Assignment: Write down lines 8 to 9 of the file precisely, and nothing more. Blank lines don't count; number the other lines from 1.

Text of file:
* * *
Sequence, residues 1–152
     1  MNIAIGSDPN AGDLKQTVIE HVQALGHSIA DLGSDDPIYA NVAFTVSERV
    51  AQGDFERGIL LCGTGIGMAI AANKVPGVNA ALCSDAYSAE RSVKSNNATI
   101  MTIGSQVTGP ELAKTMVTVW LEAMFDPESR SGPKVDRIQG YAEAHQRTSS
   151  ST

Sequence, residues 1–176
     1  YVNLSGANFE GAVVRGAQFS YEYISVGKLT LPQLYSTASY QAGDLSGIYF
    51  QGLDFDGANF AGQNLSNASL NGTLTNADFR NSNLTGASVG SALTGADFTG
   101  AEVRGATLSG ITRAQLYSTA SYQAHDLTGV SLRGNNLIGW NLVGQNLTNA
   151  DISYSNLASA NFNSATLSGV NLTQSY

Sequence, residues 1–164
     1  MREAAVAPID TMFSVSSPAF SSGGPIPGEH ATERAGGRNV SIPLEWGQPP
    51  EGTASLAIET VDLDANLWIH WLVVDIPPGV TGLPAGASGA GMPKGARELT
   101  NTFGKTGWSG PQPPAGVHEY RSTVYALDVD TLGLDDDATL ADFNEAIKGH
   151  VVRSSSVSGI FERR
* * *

    51  QGLDFDGANF AGQNLSNASL NGTLTNADFR NSNLTGASVG SALTGADFTG
   101  AEVRGATLSG ITRAQLYSTA SYQAHDLTGV SLRGNNLIGW NLVGQNLTNA